Gender equality will come only with courage: Rotarians

In celebration of International Women's Day on March 4, 2017 at Newlands Golf and Country Club, Langley.
In celebration of International Women’s Day on March 4, 2017 at Newlands Golf and Country Club, Langley.

Everyone must “be bold for change,” and four Langley women were thrown into the spotlight this weekend for leading by example.
In her own words, Langley Rotarian and South African-born entrepreneur Dean Rohrs spoke of the need for equality and the courage it is going to take to make it happen, she said, pointing a finger of responsibility at everyone during the 6th annual Rotary International Women’s Day Saturday afternoon at Newlands Golf and Country Club.
“Our whole social structure, that has been so slow to change from a very male-dominated society where women have to fight for equality. I wish I could say something different, but patriarchy is prevalent around the world – the same as racism and homophobia are. We can’t hide from it, not even here,” said told the crowd of about 160.
“It takes great courage to have men change from this model and accept equality of all sexes,” she added. She and her husband Rhino emigrated to Canada from South Africa in their 50s, and started their life all over again and she spoke of several times when she overcame fear to push for equality on both continents.
“There’s still a glass ceiling for many of us, but we do have the chance to break through it and to become our own,” said Rohrs, who late in life (at age 60) pursued her childhood goal of becoming an African game ranger.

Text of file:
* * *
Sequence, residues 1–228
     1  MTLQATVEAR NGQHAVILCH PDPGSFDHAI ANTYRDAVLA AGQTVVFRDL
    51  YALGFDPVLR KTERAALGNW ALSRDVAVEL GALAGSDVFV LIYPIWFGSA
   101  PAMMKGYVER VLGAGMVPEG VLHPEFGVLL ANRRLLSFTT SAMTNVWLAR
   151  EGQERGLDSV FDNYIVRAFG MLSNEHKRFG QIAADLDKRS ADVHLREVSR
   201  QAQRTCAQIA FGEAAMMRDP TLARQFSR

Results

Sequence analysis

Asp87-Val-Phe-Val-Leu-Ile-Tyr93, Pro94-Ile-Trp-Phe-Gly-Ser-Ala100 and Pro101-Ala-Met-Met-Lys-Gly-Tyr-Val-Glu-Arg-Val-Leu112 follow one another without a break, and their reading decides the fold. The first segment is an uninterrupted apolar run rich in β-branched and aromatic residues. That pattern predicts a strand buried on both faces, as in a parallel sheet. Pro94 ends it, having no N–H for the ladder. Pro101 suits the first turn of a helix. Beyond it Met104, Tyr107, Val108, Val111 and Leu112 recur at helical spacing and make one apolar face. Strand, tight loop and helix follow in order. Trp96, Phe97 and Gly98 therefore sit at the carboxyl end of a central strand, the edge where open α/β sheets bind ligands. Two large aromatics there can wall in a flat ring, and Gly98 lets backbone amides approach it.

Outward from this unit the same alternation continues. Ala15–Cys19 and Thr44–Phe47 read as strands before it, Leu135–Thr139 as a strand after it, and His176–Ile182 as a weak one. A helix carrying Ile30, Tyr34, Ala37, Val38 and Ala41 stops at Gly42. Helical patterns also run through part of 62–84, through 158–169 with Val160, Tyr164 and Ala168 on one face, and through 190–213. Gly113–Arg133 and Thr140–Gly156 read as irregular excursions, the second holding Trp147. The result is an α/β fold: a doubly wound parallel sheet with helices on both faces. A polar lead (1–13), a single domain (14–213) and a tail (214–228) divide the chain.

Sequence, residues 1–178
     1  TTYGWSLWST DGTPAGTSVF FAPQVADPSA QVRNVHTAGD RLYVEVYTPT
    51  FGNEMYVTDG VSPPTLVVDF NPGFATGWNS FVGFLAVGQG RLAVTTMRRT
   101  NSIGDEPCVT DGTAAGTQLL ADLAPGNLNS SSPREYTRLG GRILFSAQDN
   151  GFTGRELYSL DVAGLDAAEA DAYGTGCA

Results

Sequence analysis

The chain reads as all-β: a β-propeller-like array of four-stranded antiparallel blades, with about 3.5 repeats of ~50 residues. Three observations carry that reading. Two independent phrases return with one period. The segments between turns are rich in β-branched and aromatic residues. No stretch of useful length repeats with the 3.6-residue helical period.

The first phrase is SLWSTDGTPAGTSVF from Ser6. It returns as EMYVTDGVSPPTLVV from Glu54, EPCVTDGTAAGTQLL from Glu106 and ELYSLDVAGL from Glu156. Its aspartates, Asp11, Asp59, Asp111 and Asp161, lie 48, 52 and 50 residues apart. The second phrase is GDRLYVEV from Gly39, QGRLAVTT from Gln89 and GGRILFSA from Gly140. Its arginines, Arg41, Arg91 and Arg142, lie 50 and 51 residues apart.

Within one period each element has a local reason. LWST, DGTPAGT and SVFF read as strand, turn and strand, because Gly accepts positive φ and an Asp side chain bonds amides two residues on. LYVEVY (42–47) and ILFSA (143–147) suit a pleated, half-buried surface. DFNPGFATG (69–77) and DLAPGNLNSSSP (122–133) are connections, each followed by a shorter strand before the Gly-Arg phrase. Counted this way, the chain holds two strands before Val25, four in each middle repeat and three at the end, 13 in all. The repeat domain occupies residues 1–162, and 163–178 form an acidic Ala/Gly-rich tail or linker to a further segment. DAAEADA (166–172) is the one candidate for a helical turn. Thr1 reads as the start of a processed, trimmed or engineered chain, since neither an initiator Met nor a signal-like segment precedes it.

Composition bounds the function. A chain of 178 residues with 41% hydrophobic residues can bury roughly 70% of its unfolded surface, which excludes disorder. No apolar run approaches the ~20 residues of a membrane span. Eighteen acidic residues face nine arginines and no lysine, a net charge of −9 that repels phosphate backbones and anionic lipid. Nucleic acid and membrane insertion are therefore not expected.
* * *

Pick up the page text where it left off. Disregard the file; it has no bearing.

It was that experience in Africa that prompted her to draw on her own courage to do something to help make a difference for young girls in a northern village there, where she’s helped build four schools that educate, feed, and offer safety as many as 2,000 children.
“Our walk to bring peace and equality to this world is never over until the job is done. Our task to eradicate violence and injustice against both men and women in any form is never done,” said Rohrs, who started her career as a nurse in Africa, and now works alongside her husband Rhino in supplying soil stabilization products for road construction .
Women’s rights are basic human rights, insisted the woman who became a Rotarian in Africa and joined the Rotary Club of Langley Central (the event’s hosts) four years ago.
She said that quest for equality is not restricted to women in Third World countries, but right here in Canada, maybe even right there in the room.
“We know what needs to be done, and we need to do it. Every single person on this earth can walk their freedom walk… if they have the courage to work together to bring to the world what it really needs: peace, equality, and opportunity for all, said Rohrs, who is also incoming vice-president for Rotary International.
“Each of us needs to draw on our courage to make the changes needed,” she concluded, receiving a standing ovation.

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